Teratogenic effects: Pregnancy Category C.
Retinoids may cause fetal harm, when administered to pregnant women. Adapalene has been shown to be teratogenic in rats and rabbits when administered orally (see Animal Data below). There are no adequate and well-controlled studies in pregnant women. Adapalene gel, 0.3% should be used during pregnancy only if the potential benefit justifies the potential risk to the fetus. The safety and efficacy of adapalene gel, 0.3% in pregnancy has not been established.
In clinical trials involving adapalene gel, 0.3% in the treatment of acne vulgaris, women of child-bearing potential initiated treatment only after having had a negative pregnancy test and used effective birth control measures during therapy. However, 6 women treated with adapalene gel, 0.3% became pregnant. One patient elected to terminate the pregnancy, two patients delivered healthy babies by normal delivery, two patients delivered prematurely and the babies remained in intensive care until reaching a healthy state and one patient was lost to follow-up.
- No teratogenic effects were seen in rats at oral doses of 0.15 mg/kg/day to 5.0 mg/kg/day adapalene representing up to 6 times the maximum recommended human dose (MRHD) based on mg/m2 comparisons. Adapalene has been shown to be teratogenic in rats and rabbits when administered orally at doses greater than or equal to 25 mg/kg representing 32 and 65 times, respectively, the MRHD based on mg/m2 comparisons. Findings included cleft palate, microphthalmia, encephalocele and skeletal abnormalities in the rat and umbilical hernia, exophthalmos and kidney and skeletal abnormalities in the rabbit.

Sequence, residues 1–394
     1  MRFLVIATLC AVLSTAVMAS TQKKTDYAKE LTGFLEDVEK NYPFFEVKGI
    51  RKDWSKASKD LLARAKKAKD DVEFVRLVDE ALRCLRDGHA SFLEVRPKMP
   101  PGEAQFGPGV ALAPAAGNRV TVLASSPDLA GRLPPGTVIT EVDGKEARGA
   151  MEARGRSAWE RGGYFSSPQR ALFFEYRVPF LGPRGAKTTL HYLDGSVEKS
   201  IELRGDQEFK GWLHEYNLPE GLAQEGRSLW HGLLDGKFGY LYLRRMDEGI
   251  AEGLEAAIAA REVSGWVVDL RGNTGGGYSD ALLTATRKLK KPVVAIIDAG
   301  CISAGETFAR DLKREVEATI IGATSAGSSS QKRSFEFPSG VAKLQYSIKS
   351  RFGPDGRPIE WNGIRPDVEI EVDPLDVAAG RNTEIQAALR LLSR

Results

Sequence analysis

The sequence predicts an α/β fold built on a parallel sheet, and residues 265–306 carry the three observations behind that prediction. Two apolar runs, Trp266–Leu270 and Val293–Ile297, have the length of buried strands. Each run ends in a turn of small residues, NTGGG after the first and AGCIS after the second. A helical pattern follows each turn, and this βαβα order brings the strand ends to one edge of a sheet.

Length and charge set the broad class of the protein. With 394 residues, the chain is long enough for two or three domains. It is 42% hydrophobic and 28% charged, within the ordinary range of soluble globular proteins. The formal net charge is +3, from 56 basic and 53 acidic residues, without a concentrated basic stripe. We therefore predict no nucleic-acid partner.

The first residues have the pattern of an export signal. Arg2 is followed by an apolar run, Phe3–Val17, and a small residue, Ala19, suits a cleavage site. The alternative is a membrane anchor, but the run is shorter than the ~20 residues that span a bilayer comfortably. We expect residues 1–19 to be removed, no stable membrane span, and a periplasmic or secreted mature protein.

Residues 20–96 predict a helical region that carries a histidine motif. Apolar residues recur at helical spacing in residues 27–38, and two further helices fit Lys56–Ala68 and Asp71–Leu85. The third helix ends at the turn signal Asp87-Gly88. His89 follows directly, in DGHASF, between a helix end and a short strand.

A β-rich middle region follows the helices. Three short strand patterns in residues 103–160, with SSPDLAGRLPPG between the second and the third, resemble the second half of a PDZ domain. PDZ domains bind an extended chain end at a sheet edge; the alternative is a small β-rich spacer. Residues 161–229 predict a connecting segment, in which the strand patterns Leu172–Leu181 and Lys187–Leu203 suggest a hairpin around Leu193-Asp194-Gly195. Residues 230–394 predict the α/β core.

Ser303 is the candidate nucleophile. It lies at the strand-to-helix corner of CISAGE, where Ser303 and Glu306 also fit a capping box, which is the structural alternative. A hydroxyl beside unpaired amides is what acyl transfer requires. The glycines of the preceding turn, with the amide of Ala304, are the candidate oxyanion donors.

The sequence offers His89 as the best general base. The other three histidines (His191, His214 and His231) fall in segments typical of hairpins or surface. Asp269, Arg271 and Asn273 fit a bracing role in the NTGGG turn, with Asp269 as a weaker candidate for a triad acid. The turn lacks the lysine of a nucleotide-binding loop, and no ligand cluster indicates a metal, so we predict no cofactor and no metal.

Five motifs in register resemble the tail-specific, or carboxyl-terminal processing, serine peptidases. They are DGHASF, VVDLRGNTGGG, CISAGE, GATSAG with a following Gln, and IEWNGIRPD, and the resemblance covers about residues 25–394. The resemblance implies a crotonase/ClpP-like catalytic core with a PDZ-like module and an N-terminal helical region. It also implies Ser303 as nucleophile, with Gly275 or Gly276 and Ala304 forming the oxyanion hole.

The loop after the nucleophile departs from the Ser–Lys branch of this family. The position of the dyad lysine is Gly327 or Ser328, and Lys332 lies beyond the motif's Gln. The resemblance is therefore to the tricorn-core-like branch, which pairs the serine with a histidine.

- Cutaneous teratology studies in rats and rabbits at doses of 0.6 mg/kg/day, 2.0 mg/kg/day, and 6.0 mg/kg/day exhibited no fetotoxicity and only minimal increases in supernumerary ribs in both species and delayed ossification in rabbits. Systemic exposure (AUC0-24h ) to adapalene 0.3% gel at topical doses of 6.0 mg/kg/day in rats and rabbits represented 5.7 and 28.7 times, respectively, the exposure in acne patients treated with adapalene 0.3% gel applied to the face, chest and back (2 grams applied to 1000 cm2 of acne involved skin).
It is not known whether adapalene is excreted in human milk. Because many drugs are excreted in human milk, caution should be exercised when adapalene gel, 0.3% is administered to a nursing woman.
Safety and effectiveness have not been established in pediatric patients below the age of 12.
Clinical studies of adapalene gel, 0.3% did not include subjects 65 years of age and older to determine whether they respond differently than younger subjects. Safety and effectiveness in geriatric patients age 65 and above have not been established.